# Syllabus

Readings refer to the course text: Kleinberg and Tardos, *Algorithm Design*, Addison Wesley/Pearson, 2005. ISBN 0-321-29535-8.

Lecture topics are subject to change.

DATE | LECTURE/EVENT | NOTES/READINGS |
---|---|---|

1/21 | Welcome and introduction | 1.2 |

1/23 | The stable matching problem | 1.1 |

1/25 | Greedy algorithms I: Interval scheduling and the “greedy stays ahead” analysis technique | 4.1 |

1/28 | Greedy algorithms II: Scheduling to minimize lateness and the “exchange argument” analysis technique | 4.2, 4.3 |

1/30 | Greedy algorithms III: Minimum spanning tree algorithms | 4.5 |

1/31 | Homework 1 due | |

2/1 | Greedy algorithms IV: Data structures for fast minimum spanning tree implementations | 4.6 |

2/4 | Dynamic programming I: Weighted interval scheduling | 6.1–6.3 |

2/6 | Dynamic programming II: Edit distance, aka sequence alignment | 6.6 |

2/8 | Dynamic Programming III: Bellman-Ford shortest path algorithm | 6.8 |

2/10 | Homework 2 due | |

2/11 | Divide-and-conquer I: Closest pair of points in the plane | 5.4 |

2/13 | Divide-and-conquer II: Fast multiplication of integers and matrices | 5.5 |

2/15 | Divide-and-conquer III: Fast Fourier transform, polynomial multiplication | 5.6 |

2/18 | Dynamic programming IV: RNA secondary structure | 6.5 |

2/20 | Prelim 1 review | Review sheet |

2/21 | Prelim 1, 7:30–9pm, Uris G01 | |

2/22 | Network Flow I: Basic definitions | 7.1 |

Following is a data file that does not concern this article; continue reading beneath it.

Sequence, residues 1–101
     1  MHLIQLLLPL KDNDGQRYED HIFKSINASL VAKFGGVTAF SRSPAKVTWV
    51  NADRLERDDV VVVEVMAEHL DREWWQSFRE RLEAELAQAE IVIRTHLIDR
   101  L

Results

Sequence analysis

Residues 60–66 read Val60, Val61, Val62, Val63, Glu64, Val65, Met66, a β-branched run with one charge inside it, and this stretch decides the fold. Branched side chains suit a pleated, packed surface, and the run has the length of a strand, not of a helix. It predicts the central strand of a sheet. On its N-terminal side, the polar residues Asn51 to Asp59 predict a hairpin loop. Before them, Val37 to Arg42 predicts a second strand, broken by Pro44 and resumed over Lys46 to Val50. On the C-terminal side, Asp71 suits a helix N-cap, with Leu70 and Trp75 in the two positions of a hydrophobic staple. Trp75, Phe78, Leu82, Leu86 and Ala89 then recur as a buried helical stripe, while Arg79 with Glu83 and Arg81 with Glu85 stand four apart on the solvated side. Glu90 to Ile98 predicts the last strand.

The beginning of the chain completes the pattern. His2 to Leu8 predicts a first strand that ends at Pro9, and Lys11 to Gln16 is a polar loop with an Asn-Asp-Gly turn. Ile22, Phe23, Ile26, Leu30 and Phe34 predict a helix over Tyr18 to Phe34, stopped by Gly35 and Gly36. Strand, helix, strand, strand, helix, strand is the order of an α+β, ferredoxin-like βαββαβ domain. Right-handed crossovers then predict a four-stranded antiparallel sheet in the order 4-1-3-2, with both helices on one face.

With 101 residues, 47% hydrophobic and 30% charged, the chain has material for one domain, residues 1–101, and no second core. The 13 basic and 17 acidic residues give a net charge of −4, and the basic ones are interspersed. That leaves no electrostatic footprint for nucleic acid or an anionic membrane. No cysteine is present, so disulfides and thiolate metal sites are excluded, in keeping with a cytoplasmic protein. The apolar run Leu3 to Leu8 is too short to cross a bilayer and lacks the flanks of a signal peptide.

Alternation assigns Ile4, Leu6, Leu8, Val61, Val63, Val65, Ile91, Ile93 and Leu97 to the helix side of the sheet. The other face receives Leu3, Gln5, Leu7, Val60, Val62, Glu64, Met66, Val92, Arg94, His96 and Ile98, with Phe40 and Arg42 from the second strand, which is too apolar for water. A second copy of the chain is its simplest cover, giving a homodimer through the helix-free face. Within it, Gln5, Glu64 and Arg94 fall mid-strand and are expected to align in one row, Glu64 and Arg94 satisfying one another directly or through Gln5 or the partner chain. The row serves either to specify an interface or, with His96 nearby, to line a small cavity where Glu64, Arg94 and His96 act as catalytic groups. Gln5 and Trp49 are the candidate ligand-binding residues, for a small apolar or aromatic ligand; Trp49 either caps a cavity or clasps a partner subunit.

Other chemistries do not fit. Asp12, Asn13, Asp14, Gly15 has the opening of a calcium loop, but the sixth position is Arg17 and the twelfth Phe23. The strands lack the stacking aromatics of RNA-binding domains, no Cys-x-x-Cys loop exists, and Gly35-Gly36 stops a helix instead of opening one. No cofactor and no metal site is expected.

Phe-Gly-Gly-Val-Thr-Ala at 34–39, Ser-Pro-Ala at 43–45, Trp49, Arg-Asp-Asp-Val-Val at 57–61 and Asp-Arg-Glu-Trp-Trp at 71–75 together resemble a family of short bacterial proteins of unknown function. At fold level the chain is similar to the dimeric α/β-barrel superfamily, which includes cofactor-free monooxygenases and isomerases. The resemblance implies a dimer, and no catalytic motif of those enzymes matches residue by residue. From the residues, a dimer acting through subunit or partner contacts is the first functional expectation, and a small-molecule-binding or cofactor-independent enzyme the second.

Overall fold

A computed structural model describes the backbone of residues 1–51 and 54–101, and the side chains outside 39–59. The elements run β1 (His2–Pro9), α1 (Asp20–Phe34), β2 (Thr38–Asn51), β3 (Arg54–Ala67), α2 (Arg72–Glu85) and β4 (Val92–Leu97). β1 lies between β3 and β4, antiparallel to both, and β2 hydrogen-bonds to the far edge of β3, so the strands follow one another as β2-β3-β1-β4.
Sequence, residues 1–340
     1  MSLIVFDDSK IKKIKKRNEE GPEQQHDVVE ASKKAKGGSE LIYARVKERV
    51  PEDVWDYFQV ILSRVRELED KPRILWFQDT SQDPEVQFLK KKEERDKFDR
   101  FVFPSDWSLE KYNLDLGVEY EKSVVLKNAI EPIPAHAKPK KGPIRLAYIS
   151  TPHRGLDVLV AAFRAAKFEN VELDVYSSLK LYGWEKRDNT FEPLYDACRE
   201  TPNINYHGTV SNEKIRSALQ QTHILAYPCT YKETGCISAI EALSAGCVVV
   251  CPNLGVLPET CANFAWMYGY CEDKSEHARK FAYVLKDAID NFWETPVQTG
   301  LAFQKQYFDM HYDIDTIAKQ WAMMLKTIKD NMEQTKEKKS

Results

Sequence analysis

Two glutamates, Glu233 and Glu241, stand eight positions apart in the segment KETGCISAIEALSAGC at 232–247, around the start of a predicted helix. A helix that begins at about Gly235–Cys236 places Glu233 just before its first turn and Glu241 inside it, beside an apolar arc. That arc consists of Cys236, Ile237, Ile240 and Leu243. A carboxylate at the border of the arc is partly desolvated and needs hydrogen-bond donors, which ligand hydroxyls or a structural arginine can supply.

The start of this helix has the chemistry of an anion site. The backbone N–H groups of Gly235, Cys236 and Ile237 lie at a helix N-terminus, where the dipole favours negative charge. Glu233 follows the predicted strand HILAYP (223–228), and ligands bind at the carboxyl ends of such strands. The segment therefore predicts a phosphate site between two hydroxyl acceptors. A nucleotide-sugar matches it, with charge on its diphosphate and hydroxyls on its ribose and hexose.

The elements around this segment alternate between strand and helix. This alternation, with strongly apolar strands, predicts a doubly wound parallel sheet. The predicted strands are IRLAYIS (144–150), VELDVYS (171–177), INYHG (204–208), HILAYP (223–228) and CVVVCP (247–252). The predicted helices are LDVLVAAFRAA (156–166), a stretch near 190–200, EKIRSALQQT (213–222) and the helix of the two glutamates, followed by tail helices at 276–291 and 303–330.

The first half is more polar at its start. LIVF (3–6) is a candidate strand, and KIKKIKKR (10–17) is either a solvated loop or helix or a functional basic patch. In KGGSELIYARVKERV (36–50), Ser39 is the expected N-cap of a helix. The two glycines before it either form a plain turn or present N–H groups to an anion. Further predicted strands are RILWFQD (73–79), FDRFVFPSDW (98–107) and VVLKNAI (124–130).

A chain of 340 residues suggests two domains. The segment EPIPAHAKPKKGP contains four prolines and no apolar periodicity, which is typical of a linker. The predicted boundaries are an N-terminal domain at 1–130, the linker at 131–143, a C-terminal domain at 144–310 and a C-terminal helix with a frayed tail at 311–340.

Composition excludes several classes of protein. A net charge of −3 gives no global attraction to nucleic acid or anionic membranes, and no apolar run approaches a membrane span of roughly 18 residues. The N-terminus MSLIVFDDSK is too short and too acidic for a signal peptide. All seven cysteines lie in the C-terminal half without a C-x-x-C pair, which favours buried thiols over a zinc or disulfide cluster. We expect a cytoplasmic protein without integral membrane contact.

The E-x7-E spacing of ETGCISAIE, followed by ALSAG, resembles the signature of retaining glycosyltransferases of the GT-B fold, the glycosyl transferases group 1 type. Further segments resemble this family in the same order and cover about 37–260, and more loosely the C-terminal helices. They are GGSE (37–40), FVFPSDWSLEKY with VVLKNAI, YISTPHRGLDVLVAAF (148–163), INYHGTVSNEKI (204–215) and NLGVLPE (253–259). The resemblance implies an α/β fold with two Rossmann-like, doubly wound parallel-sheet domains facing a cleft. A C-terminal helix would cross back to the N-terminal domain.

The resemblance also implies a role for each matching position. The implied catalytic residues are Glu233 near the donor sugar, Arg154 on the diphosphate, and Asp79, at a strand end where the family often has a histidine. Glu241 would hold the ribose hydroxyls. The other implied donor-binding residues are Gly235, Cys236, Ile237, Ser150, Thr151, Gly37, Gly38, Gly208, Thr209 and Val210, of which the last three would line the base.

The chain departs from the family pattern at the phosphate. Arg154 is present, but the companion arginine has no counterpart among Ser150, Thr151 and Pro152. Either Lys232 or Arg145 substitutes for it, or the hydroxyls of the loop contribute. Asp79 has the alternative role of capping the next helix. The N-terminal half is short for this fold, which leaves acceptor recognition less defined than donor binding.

2/24 | Homework 3 due | |

2/25 | Network Flow II: The Ford-Fulkerson Algorithm | 7.1 |

2/27 | Network Flow III: Max-Flow Min-Cut, Bipartite Matching | 7.2, 7.5 |

3/1 | Network Flow IV: Further examples of flow reductions | 7.10–7.12 |

3/4 | Network Flow V: Extensions to network flow | 7.7–7.9 |

3/6 | Network Flow VI: Polynomial-time max-flow algorithms | 7.3, Notes on the Edmonds-Karp algorithm, Notes on Dinic's algorithm |

3/7 | Homework 4 due | |

3/8 | NP-Completeness I: Reductions between SAT and Clique | 8.2, Notes on reductions and NP-completeness |

3/11 | NP-Completeness II: Formal Definition of the Class NP. More NP-Complete Problems in Graph Theory | 8.1, 8.3 |

3/13 | NP-Completeness III: Covering problems. Set Cover, Exact Cover, Three-Dimensional Matching | 8.6 |

3/15 | NP-Completeness IV: Colorability | 8.7 |

3/18–22 | Spring Break | |

3/25 | NP-Completeness V: Hamiltonian Cycle | 8.5 |

3/26 | Homework 5 due | |

3/27 | NP-Completeness VI: NP-complete numerical problems. Subset sum, Partition, Knapsack | 8.8 |

3/29 | Review of NP-completeness, discussion of other complexity classes. (L, #P, PSPACE) | 8.10 |

4/1 | Turing machine definitions | Notes on TMs, §1,2 |

4/3 | Turing machine examples. Multitape Turing machines | Notes on TMs, §2,3 |

4/5 | Universal Turing machine | Notes on TMs, §4 |

4/7 | Homework 6 due | |

4/8 | Prelim 2 review | Review sheet |

4/9 | Prelim 2, 7:30–9pm, Kimball B11 (aab227–jdb387), Olin 155 (jdh339–sra57), Olin 165 (ss2249–zp34) | |

4/10 | Diagonalization and undecidability | Notes on TMs, §4 |

4/12 | Decidable and undecidable problems | Notes on TMs, §5,6 |

4/15 | The Cook-Levin Theorem | Notes on the Cook-Levin theorem |

4/17 | Greedy approximation algorithms: load balancing | 11.1 |

4/19 | Greedy approximation algorithms: center selection | 11.2 |

4/21 | Homework 7 due | |

4/22 | Greedy approximation algorithms: set cover | 11.3 |

4/24 | Approximation algorithms via rounding and dynamic programming: the knapsack problem | 11.8 |

4/26 | Randomized algorithms I: Randomized algorithms, linearity of expectation, waiting times for independent trials | 13.1, 13.3 |

4/29 | Randomized algorithms II: k-th element, quicksort, 3SAT | 13.4, 13.5 |

5/1 | Randomized algorithms III: Universal hashing | 13.6 |

5/3 | No lecture — slope day | |

5/5 | Homework 8 due | |

5/12 | Final exam review, 4–6pm, Upson B17 | |

5/16 | Final Exam, 9–11:30am (exam period Q), Statler Hall 185 (Statler Auditorium) |